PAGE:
Originally Posted by ShawMac View Post
or somehow she lost 1000-1400 lbs of moisture in 2.5 months in the shop.
I think this topic has been discussed before. The only way a 30 foot cored boat could gain 1400 lb of water is is every bit of core in the hull AND deck is replaced with water. Even if the core is wet, I bet there would be less than 50 lb of water in the core. If you did have more and the boat is balsa then you have much bigger problems than simply an overweight boat.
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  #18  
Old 05-04-2015
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Definitely not that much water. That is why I think when the operator said she weighed 7900 coming out, I bet he misread and it was 6900. 400 lbs is way more realistic.
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  #19  
Old 05-07-2015
frfletch frfletch is offline
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I concur that NH could not have absorbed, nor evaporated 1000+ lbs of water. Someone made a mistake.

We weighed Voila with a scale on the single point lift. She was in racing trim and was 4683 lbs. Her designed weight is 3,950. I know from the builder that they never got the weight below 4,350 with no rig or hardware. They argued the case with Farr who suggested they must be resin rich, but they could not get it lower than 4,350 without running into delamination issues. Bruce Farr's cousin worked in the Laser yard in the UK and he could not get them down below 4,350 either. Finally the designer yielded to the idea that his team made an error in calculations, but the brochure had already been printed so they let it go. This adds to the previously mentioned issue of builders allowing lower design weights to be used in the marketing nomenclature, likely fully aware that the boats weigh significantly more. It sort of make a nonsense out of the designed and stated ballast ratios.
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  #20  
Old 05-07-2015
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Quote:
Originally Posted by frfletch View Post
I concur that NH could not have absorbed, nor evaporated 1000+ lbs of water. Someone made a mistake.

We weighed Voila with a scale on the single point lift. She was in racing trim and was 4683 lbs. Her designed weight is 3,950. I know from the builder that they never got the weight below 4,350 with no rig or hardware. They argued the case with Farr who suggested they must be resin rich, but they could not get it lower than 4,350 without running into delamination issues. Bruce Farr's cousin worked in the Laser yard in the UK and he could not get them down below 4,350 either. Finally the designer yielded to the idea that his team made an error in calculations, but the brochure had already been printed so they let it go. This adds to the previously mentioned issue of builders allowing lower design weights to be used in the marketing nomenclature, likely fully aware that the boats weigh significantly more. It sort of make a nonsense out of the designed and stated ballast ratios.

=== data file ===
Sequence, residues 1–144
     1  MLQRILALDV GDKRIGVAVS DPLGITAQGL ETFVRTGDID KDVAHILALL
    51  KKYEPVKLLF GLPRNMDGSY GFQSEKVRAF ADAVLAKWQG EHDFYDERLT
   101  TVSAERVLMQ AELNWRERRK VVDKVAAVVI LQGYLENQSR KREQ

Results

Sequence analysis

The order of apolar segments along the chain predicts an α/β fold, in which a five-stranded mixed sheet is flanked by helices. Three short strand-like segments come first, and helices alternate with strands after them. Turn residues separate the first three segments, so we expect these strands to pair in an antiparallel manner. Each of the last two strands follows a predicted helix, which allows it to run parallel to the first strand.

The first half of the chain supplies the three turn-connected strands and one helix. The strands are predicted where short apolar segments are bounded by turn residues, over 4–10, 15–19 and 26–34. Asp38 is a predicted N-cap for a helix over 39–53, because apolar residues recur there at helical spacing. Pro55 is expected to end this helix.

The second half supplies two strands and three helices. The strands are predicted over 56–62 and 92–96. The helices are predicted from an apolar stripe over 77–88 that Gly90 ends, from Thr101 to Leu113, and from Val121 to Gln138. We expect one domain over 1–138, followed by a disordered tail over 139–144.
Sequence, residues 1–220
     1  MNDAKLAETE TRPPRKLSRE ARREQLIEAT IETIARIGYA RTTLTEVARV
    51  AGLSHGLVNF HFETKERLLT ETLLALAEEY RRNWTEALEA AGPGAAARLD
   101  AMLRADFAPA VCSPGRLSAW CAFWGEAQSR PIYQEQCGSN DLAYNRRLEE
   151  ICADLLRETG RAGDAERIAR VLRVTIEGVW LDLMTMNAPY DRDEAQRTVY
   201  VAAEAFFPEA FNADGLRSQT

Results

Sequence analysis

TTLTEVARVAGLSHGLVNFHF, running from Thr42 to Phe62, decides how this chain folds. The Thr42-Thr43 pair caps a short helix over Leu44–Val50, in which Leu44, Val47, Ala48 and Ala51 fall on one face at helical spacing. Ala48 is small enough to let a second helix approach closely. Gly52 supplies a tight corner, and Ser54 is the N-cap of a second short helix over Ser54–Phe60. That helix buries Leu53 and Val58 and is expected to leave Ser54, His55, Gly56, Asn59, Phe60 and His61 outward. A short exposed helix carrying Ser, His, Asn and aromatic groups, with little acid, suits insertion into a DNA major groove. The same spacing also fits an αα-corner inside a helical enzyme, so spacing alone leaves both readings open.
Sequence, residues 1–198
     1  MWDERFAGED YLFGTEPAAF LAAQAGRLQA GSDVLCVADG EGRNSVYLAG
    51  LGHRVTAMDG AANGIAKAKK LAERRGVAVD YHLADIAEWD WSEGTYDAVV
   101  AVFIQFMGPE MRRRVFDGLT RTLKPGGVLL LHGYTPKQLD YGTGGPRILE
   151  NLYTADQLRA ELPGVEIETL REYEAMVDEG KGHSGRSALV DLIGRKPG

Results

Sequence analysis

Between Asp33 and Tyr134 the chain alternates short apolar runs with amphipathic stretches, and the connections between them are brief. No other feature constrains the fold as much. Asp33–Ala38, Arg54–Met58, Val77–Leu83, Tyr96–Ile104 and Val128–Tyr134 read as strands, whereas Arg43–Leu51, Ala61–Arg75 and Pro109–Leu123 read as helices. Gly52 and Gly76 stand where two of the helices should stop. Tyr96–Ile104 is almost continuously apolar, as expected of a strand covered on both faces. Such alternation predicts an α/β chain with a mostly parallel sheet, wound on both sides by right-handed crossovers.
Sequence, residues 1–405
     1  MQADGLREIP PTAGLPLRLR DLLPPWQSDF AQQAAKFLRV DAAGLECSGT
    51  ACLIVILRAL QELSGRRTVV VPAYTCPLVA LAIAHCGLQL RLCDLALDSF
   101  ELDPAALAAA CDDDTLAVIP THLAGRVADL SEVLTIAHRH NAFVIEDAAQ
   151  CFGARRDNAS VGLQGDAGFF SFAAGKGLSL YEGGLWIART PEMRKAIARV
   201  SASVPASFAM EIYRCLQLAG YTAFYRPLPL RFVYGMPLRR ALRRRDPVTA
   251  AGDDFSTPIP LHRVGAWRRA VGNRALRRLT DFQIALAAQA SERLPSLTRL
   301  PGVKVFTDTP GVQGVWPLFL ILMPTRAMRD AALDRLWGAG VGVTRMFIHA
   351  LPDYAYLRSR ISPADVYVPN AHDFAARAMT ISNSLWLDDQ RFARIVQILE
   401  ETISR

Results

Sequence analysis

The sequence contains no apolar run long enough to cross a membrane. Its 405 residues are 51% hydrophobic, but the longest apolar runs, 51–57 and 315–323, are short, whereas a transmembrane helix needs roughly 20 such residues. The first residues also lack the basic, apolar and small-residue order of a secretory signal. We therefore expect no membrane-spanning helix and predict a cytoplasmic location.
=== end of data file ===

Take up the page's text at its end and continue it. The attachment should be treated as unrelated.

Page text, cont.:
I imagine a lot of it is marketing driven perhaps with an attitude of "everyone else does it" and our boat won't be as appealing compared with boats built for the same market.

I'm surprised the L28 is out by that much. I would think the design weight would include mast and hardware so she is out by almost 800 lb. If you take the design disp of 3900 and back out the 1500 lb ballast and say 800 lb of misc you get 1600 lb hull and deck, which is probably generous. So the 800 extra lb means the hull and deck weight is out by 50%.

As to Farr's initial claim of them being resin rich. I'll assume roughly 50% resin/glass ratio which is on the low side, but will do for a "top of my head" calc would mean if it were a simple matter of being resin rich, the builder would have used double the designed amount. No way the laminate if done to the lam schedule could absorb anywhere near that much excess resin.

Besides the marketing side of things, my guess is also inaccurate or incomplete weight studies, especially in the pre-computer days where everything would have to be hand tabulated. For example were all the toe rail bolts included, cleats, tabbing, hoses etc accounted for or was an allowance simply made for them. I suppose if it were an allowance, the marketing department might find it easy to remove them from the equation. Anyway, just speculation on my part, but I find this side of things interesting.